This is my review of the refurbished Iberia Velazquez lounge in Madrid Terminal 4S.
Iberia is in the process of refurbishing its two main lounges in Madrid. The Velazquez lounge in 4S, which is where you will often end up if flying British Airways, has now been completed as you will see below. The second lounge, Dali, closed on 30th July and is due to re-open in late October.
Iberia is – justifiably – pleased with what it has achieved with the new Valazquez lounge and has created a special page on its website which you will find here. The photos are far better than mine.
This is now one of the best oneworld lounges in Europe, and is a fitting flagship for Iberia at its home airport. I have issues over the use of space but overall I was impressed. I often think that IAG does not get enough credit for its turnaround of Iberia.
Anyone who has been to the modern Terminal 4 at Madrid knows that it is, basically, a monument to the folly of giving a famous architect (Richard Rogers in this case) all the space in the world to play with. The distances you need to cover are huge. In places there are signs indicating a 30 minute walk to your gate.
If you don’t know Madrid, there is a train stop at the town of Barajas between the stops for Terminals 1/2/3 and Terminal 4. That’s how far apart they are. The 4S satellite is also a fair trot from T4 itself – maps show it is almost as far away from T4 as it is from T1/2/3. If I had to travel through here every week it would drive me mad although I would end up 5kg lighter.
Once you’ve made it across to T4S, the entrance to the lounge is weird – it is literally in the middle of the duty free shop. Not just the duty free area …. the actual walk-through shop itself. Look at the reflection in the sign. It is easy to miss, which is saying something given that the entrance looks like this:
The new look is immediately apparent via this funky luggage storage area:
The Velazquez lounge is VERY long and very narrow. The upside is that you have a very long glass wall overlooking the tarmac. The downside is that it is a heck of a long walk from end to end.
Iberia deals with this by putting the reception desk – behind the red magazine and newspaper rack in the first image – in the centre. You have a choice of whether you go left or right, and in general most of the facilities are duplicated in both halves.
If you turn right, there are two unique areas which are not on the other side. The first is a kids area. This is not a separate room and it is not sound proofed:
Walk down to the end and the lounge gains a bit of extra width as it wraps around the corner. Iberia has used this to put in place a rather smart bar. It was operating as self service when I was there despite the traditional bar counter look.
What did impress me was the food, given that it was late afternoon. There was lots and lots of it, with plenty of options:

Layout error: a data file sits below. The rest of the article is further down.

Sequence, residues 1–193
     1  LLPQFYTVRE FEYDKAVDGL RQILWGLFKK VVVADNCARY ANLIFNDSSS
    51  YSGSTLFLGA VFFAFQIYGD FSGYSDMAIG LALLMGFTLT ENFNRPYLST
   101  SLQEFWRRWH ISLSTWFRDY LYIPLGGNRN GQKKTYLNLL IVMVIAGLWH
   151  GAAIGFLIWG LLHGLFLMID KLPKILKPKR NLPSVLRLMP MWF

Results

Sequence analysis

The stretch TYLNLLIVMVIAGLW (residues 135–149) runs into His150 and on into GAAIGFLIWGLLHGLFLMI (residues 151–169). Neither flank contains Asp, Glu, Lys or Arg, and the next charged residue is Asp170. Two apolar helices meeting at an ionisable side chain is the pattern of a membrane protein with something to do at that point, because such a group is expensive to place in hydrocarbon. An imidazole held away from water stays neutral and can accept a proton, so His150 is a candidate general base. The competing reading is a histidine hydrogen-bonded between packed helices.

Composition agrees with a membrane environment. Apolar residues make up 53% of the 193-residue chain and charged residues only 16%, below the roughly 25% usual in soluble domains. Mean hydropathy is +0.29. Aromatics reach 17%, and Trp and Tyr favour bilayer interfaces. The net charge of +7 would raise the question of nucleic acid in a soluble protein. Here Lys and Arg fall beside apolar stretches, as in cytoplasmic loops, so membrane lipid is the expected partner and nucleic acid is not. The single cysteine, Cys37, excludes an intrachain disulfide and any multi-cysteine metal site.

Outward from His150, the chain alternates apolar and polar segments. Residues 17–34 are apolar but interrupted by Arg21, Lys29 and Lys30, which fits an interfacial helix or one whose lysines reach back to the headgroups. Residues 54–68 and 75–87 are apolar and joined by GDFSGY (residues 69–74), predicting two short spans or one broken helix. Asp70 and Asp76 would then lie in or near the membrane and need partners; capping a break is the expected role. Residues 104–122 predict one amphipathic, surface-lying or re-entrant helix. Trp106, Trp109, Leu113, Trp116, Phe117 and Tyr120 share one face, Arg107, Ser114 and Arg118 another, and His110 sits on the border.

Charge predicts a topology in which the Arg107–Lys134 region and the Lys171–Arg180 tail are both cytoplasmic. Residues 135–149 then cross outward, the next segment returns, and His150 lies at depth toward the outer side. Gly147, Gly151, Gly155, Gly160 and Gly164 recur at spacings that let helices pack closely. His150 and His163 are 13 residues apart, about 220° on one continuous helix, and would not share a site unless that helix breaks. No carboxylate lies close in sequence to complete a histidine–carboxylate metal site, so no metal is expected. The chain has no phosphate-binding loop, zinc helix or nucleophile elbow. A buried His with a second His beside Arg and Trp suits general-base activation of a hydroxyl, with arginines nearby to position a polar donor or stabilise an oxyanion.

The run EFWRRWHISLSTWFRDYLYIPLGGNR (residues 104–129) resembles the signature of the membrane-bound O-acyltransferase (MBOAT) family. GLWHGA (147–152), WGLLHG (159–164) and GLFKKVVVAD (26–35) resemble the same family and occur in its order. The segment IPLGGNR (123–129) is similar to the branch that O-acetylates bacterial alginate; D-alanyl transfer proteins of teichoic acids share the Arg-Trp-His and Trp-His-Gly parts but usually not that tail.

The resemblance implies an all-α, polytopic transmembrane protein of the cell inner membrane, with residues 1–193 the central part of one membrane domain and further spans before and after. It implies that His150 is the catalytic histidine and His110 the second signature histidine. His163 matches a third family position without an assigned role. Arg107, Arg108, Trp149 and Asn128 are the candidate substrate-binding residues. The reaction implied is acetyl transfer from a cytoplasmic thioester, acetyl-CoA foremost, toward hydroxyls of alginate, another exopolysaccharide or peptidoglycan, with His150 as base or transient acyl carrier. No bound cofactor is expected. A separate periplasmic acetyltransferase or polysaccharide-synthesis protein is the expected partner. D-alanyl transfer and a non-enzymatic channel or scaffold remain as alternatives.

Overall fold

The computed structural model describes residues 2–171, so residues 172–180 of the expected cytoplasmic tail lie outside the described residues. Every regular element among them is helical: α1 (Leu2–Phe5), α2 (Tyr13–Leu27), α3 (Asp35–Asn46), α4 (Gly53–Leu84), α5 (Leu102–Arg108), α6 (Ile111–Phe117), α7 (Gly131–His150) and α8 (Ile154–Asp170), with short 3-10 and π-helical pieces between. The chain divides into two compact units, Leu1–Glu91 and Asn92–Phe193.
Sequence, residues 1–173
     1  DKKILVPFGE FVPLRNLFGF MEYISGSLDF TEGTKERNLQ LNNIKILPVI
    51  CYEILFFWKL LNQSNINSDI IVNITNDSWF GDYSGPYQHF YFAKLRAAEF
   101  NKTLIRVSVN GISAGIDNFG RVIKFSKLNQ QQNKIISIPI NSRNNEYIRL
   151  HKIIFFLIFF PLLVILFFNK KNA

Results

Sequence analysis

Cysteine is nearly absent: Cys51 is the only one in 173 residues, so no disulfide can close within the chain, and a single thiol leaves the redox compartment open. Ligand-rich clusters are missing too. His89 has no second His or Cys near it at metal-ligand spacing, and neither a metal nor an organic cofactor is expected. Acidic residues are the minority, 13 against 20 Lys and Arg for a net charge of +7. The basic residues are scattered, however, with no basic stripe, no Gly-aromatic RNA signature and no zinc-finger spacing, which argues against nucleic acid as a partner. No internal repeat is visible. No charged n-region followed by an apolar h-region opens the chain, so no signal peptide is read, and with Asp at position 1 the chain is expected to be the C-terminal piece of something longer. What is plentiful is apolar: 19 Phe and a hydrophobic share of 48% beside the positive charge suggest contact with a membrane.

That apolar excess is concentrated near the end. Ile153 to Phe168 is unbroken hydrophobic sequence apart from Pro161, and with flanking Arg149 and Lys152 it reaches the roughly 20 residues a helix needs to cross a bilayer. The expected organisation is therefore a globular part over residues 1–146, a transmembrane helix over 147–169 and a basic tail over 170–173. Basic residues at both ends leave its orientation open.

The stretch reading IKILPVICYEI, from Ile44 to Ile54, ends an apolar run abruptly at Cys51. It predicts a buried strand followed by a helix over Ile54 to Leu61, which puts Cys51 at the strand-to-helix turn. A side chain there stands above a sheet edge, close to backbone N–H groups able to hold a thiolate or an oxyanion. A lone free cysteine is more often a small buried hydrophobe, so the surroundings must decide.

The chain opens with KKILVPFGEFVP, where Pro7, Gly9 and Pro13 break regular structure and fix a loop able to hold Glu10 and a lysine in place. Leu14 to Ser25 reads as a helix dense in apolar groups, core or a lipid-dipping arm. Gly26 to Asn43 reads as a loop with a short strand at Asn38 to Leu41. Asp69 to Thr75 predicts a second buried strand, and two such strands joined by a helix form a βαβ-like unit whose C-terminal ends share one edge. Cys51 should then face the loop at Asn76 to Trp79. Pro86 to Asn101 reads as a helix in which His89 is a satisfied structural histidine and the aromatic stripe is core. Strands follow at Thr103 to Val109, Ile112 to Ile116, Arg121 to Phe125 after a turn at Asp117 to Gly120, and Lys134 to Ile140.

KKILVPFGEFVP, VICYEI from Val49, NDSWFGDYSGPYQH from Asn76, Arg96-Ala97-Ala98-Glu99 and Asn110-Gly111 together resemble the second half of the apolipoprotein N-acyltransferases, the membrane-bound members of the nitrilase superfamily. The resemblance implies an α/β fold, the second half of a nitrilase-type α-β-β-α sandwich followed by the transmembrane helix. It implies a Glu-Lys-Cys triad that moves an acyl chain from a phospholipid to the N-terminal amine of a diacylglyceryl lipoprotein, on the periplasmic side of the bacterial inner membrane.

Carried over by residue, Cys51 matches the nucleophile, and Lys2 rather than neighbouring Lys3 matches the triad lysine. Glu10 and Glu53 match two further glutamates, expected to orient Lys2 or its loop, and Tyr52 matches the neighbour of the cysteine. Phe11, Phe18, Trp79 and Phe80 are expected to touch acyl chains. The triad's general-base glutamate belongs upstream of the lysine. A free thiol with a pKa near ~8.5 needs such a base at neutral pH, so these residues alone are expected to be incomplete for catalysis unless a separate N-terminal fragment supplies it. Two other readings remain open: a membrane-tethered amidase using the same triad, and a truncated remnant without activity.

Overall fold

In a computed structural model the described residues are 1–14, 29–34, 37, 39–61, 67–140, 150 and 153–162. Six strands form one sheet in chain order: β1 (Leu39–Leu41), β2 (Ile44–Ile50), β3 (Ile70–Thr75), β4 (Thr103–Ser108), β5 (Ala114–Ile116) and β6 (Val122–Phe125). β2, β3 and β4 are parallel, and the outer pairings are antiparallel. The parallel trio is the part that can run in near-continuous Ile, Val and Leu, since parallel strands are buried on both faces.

including this sushi wheel:
Here is a typical pair of seats. You’ll see that everything is new and you have power sockets built into every table in sight:
The magazine and newspaper area was a major letdown in terms of English language titles, apart from the FT, but it does look funky.
I wasn’t in the Velazquez lounge for long enough to get a proper grasp of, for example, the quality of alcohol available. The lounge website talks of a la carte table dining which I didn’t see in operation, so it is either not operating yet, is hidden away in a separate area or only operates at certain hours.
My biggest problem with the lounge is the same problem I had before it was refurbished – it has the unfortunate feel of being an airport terminal itself. If it was broken down into smaller zones with more variance in carpeting and seating then it might feel more intimate. Because it feels like you’re in the main terminal (albeit with free food and drink and far posher seating!) I didn’t get the same feeling of relaxation.
This is just a personal quirk though. If you are heading to Madrid and you qualify for lounge access via your British Airways status or having a Club Europe / Business Class ticket, I recommend making enough time in your day to spend an hour at the new Velazquez lounge. Remember to give yourself at least 30 minutes to get from the entrance to Terminal 4 to the lounge, given that you need to get over to the satellite.
How to earn Avios from UK credit cards (October 2022)
As a reminder, there are various ways of earning Avios points from UK credit cards. Many cards also have generous sign-up bonuses!
In February 2022, Barclaycard launched two exciting new Barclaycard Avios Mastercard cards with a bonus of up to 25,000 Avios. You can apply here.
You qualify for the bonus on these cards even if you have a British Airways American Express card:
There are two official British Airways American Express cards with attractive sign-up bonuses:
You can also get generous sign-up bonuses by applying for American Express cards which earn Membership Rewards points.
EDIT: Until 25th October 2022, there is an exceptionally generous sign-up bonus on The Platinum Card. You will receive 60,000 Membership Rewards points – double the usual amount – and £200 to spend at Amex Travel. You need to spend £6,000 within six months to earn the bonus.
Run your own business?
We recommend Capital On Tap for limited companies. You earn 1 Avios per £1 which is impressive for a Visa card, along with a sign-up bonus worth 10,000 Avios.
You should also consider the British Airways Accelerating Business credit card. This is open to sole traders as well as limited companies and has a 30,000 Avios sign-up bonus.
There are also generous bonuses on the two American Express Business cards, with the points converting at 1:1 into Avios. These cards are open to sole traders as well as limited companies.
Click here to read our detailed summary of all UK credit cards which earn Avios. This includes both personal and small business cards.